The holidays can be a difficult season to navigate if you are currently recovering from a substance use disorder. Here are 5 common relapse triggers and how you can avoid them.
This is the most common reason for relapse, since many people who previously coped with stress by indulging in drugs or alcohol, now do not know where to turn.
- To avoid relapsing due to stress, first identify why you are feeling stressed, and then explore new ways to de-stress: this could be done through baking, painting, exercising, meditating or another activity that you enjoy doing.
This year may be especially isolating for many, due to the effects of COVID-19.
- Lean on your support system: If you are struggling with temptations to relapse, tell someone. Know that you do not have to try to manage this on your own, and admitting that you are struggling does not make you weak. Try to stay as connected with loved ones as much as possible. If you are unable to be with your loved ones in person over the holiday season, try to interact with them over FaceTime or Zoom as much as possible to stay connected.
3. People/places associated with addictive behavior
- Avoid tempting situations: if you are struggling with wanting to drink alcohol, try to avoid places where alcohol may be served, and avoid people who are likely to pressure you to drink. Prepare for these situations ahead of time by coming up with a few phrases that allow you to say “no” strongly and effectively.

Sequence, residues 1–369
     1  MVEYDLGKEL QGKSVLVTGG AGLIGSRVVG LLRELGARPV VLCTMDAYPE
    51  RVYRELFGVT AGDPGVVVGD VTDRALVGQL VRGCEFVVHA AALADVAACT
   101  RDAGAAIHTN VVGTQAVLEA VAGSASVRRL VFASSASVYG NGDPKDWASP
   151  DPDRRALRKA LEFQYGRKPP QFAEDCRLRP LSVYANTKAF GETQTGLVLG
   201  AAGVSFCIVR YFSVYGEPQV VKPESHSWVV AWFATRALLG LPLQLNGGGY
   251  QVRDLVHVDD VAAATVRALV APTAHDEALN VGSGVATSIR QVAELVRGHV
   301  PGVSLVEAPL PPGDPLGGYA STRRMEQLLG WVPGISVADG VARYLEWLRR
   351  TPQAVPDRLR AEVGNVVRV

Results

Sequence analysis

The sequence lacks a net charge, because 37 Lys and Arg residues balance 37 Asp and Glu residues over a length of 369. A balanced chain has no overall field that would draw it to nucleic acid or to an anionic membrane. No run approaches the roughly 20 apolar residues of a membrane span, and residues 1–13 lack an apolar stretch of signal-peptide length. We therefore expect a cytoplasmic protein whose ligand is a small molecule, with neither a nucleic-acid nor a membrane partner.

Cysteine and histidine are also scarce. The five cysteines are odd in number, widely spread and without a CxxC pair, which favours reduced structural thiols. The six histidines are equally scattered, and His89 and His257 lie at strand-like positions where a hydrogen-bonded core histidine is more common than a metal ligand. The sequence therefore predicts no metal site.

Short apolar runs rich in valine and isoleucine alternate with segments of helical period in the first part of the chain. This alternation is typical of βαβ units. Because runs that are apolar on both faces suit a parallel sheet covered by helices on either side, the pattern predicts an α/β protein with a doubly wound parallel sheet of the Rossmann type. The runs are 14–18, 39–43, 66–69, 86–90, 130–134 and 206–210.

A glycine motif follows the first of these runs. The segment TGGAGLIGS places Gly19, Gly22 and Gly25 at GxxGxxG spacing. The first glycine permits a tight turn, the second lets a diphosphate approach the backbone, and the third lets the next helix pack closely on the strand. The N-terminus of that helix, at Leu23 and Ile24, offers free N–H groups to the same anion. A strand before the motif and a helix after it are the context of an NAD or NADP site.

4. Times of celebration
Whether holiday celebrations evoke positive or negative feelings, alcohol is commonly served as a way to celebrate.
- Instead of celebrating with alcohol, try starting new, recovery-positive traditions. You could try hosting a sober party, or having a Christmas bake-off with friends. Consider doing this during the daytime rather than at night, to avoid further temptations to drink.
Just because you have been sober for a time, does not make you invincible to the temptations of relapsing. You could be thinking, “it’s just a sip, I can handle it” when participating in a celebratory toast, but that one sip could be a slippery slope that you don’t want to go down.
- Set your intentions at the start of each day: Writing your goals down on a piece of paper makes it more likely that you will achieve that goal. Even if they are simple, every day goals, it helps to have a set plan on what you want to accomplish.
Remember that a relapse is not a failure. If recovery was easy, everyone would do it. Instead of giving up after a relapse, try to determine which emotions or situations led you to relapse so that you know how to effectively handle them in the future. If you were able to be sober once, you can do it again. Download our free ebook for more ideas on how to stay sober during the holidays, and if you need support during this time, please do not hesitate to contact us. We can give you a free consultation and help you find a treatment program that is best suited for you.